search
Saudi crown prince and Qatar's ruler hug at the airport

Ending regional rift with a public embrace, Saudi Arabia and Qatar restore ties

As kingdom hosts Qatari emir at Gulf nations summit, Saudi foreign minister says agreement represents ‘turning of the page on all points of difference’

Saudi Arabia's Crown Prince Mohammed bin Salman, right, welcomes Qatar's Emir Sheikh Tamim bin Hamad al-Thani upon his arrival to attend the Gulf Cooperation Council's 41st Summit in Al-Ula, Saudi Arabia, January 5, 2021. (Saudi Royal Court via AP)
Saudi Arabia's Crown Prince Mohammed bin Salman, right, welcomes Qatar's Emir Sheikh Tamim bin Hamad al-Thani upon his arrival to attend the Gulf Cooperation Council's 41st Summit in Al-Ula, Saudi Arabia, January 5, 2021. (Saudi Royal Court via AP)

AL-ULA, Saudi Arabia — Full ties have been restored between Qatar and the four nations that severed relations with Doha in a rift that began over three years ago, Saudi Arabia’s foreign minister said Tuesday, after the parties signed new agreements.

Saudi state media said that de facto leader Crown Prince Mohammed bin Salman met separately with Qatar’s ruler Sheikh Tamim bin Hamad al-Thani, after the pair publicly embraced at the airport.

Saudi Arabia led a coalition of countries in the Gulf and beyond that cut ties and transport links with Qatar in June 2017, charging that it was too close to Iran and backed radical Islamist groups — allegations Doha has always denied.

“What happened today is… the turning of the page on all points of difference and a full return of diplomatic relations,” Prince Faisal bin Farhan told a press conference at the conclusion of a landmark regional summit in Saudi Arabia.

“During the meeting, they reviewed bilateral relations between the two brotherly countries and ways of consolidating the Gulf Cooperation Council (GCC) joint action,” the official Saudi Press Agency said.

Saudi journalists watch a large display screen in a media center, showing Qatar’s Emir Sheikh Tamim bin Hamad Al Thani, center, at the 41st Gulf Cooperation Council (GCC) meeting, in Al Ula, Saudi Arabia, January 5, 2021. (AP Photo/Amr Nabil)

Leaders of the six-member GCC signed two documents on Tuesday, the Al-Ula Declaration, named after the Saudi city where this year’s regional summit was held, and a final communique.

Three GCC members — Saudi Arabia, the United Arab Emirates and Bahrain — took part in the three and a half year blockade, alongside Egypt.

Qatar is also a GCC member state, along with Kuwait and Oman, which remained neutral in the spat.

The documents are general in terms, but Prince Mohammed said earlier that the Gulf states had inked an agreement that affirms “our Gulf, Arab and Islamic solidarity and stability.”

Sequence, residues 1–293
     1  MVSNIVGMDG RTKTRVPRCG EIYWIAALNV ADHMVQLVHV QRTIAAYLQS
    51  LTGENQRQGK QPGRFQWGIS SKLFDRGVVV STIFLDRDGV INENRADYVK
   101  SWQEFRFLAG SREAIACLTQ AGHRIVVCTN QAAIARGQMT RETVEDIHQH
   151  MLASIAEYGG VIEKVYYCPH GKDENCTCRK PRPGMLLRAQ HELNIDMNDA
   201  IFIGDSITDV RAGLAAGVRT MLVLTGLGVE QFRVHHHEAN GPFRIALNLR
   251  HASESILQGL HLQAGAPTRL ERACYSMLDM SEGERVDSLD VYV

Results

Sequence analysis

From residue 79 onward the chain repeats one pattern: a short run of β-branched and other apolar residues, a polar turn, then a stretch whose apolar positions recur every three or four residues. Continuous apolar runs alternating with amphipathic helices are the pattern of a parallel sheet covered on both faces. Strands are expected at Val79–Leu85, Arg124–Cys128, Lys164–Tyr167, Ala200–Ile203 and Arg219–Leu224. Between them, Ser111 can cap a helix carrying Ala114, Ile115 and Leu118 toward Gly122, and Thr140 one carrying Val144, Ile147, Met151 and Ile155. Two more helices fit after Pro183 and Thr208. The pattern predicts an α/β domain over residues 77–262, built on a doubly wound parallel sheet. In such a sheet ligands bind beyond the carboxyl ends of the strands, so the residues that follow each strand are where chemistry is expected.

He called for unity to confront challenges facing the region, singling out “the threats posed by the Iranian regime’s nuclear and ballistic missile program and its plans for sabotage and destruction.”

It was unclear what, if any, significant concessions Qatar had made before the summit. Still, an immediate shift in tone was palpable as one of Qatar’s Al Jazeera Arabic news Twitter accounts shared photos of the Riyadh and Abu Dhabi skylines on Tuesday following years of critical coverage.

A giant image of the Emir of Qatar, Sheikh Tamim bin Hamad Al Thani, adorns a tower in Doha, Qatar, May 5, 2018. (Kamran Jebreili/AP)

The diplomatic breakthrough followed a final push by the outgoing Trump administration and Kuwait to mediate the dispute. It also came as Saudi Arabia seeks to unify Arab ranks ahead of the incoming administration of US President-elect Joe Biden, which is expected to take a firmer stand toward the kingdom and re-engage with Iran.

Saudi Arabia’s decision to end the embargo not only underscored the kingdom’s assertion of its heavyweight position among Arab states, but also its regional leadership, which has been challenged at times by the UAE’s unilateral and politically shrewd moves.

Qatar’s only land border with Saudi Arabia, which it relied on for the import of dairy products, construction materials and other goods, has been mostly closed since June 2017.

The boycotting countries made a list of demands on Qatar that year, including that it shutter its flagship Al-Jazeera news network and terminate Turkish military presence in Qatar, which is also home to a major US military base. Qatar rejected the demands and has denied support of extremists.

read more:
comments